On July 9, 2018, the Animal and Plant Health Inspection Service (APHIS) published in the Federal Register two proposed rules that would ease the burden or clarify the requirements for Lacey Act (16 U.S.C. 3371 et seq.) declarations. The Food, Conservation, and Energy Act of 2008 amended the Lacey Act to provide, among other things, that importers submit a declaration at the time of importation for certain plants and plant products. The declaration requirement of the Lacey Act became effective on December 15, 2008, and enforcement of that requirement is being phased in. In the first notice of proposed rulemaking [Docket No. APHIS-2013-0055], APHIS is proposing to establish an exception to the declaration requirement for products containing a minimal amount of plant materials. This action would relieve the burden on importers while continuing to ensure that the declaration requirement fulfills the purposes of the Lacey Act. APHIS is proposing to amend the definition in the regulations to add the exclusions for common cultivars, common food crops, scientific specimens used only for laboratory or field research, and any plant that is to remain planted or to be planted or replanted, and also to add the exceptions to the application of those exclusions so that the proposed definition conforms with the statutory definition. APHIS is also proposing that all Lacey Act declarations be submitted within 3 business days of importation.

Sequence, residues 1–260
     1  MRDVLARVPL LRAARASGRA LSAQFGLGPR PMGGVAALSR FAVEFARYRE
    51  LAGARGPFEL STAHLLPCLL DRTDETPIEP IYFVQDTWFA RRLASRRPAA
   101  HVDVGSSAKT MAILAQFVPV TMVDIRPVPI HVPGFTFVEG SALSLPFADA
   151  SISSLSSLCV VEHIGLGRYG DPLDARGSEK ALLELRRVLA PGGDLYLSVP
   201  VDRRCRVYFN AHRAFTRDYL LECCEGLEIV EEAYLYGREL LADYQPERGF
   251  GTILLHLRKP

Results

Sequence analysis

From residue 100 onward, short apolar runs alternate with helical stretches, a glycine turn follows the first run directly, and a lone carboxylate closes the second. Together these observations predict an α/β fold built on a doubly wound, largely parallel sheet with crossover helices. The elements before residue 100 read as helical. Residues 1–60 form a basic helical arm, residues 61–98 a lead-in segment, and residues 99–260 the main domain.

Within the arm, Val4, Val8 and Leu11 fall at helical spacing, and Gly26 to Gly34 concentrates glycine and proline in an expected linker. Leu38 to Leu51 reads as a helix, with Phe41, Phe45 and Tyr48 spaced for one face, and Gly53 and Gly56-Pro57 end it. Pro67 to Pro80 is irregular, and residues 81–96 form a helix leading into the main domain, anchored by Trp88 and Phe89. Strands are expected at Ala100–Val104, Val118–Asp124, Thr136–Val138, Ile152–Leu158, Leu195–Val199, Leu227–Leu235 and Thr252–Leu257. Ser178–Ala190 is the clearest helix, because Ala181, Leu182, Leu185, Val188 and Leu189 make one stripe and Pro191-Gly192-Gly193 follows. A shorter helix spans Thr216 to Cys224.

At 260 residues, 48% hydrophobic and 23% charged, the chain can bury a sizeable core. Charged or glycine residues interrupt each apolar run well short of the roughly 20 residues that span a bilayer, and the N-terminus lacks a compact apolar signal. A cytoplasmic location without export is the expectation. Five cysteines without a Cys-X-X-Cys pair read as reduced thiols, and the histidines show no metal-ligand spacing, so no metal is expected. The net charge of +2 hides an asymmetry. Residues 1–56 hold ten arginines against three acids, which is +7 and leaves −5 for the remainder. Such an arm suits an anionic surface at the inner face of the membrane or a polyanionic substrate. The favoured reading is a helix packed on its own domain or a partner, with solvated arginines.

In the second notice of proposed rulemaking [Docket No. APHIS-2018-0017], APHIS is soliciting public comment on regulatory options that could address certain issues that have arisen with the implementation of the declaration requirement for composite plant materials. This exception would cover composite plant materials that are not otherwise considered de minimis quantities under the first regulatory option. Many composite plant materials are currently manufactured in a manner that makes identification of the genus, species, and country of harvest of all of the plant content difficult and perhaps expensive. While provisions in the Lacey Act’s declaration requirement address how to complete a declaration in situations in which the species or country of harvest of plant material used in an imported product varies (16 U.S.C. 3372(f)(2)(A) and (B)), these provisions may not relieve the difficulties and expense faced by importers of some composite plant materials.

APHIS will consider all comments that it receives on or before September 7, 2018.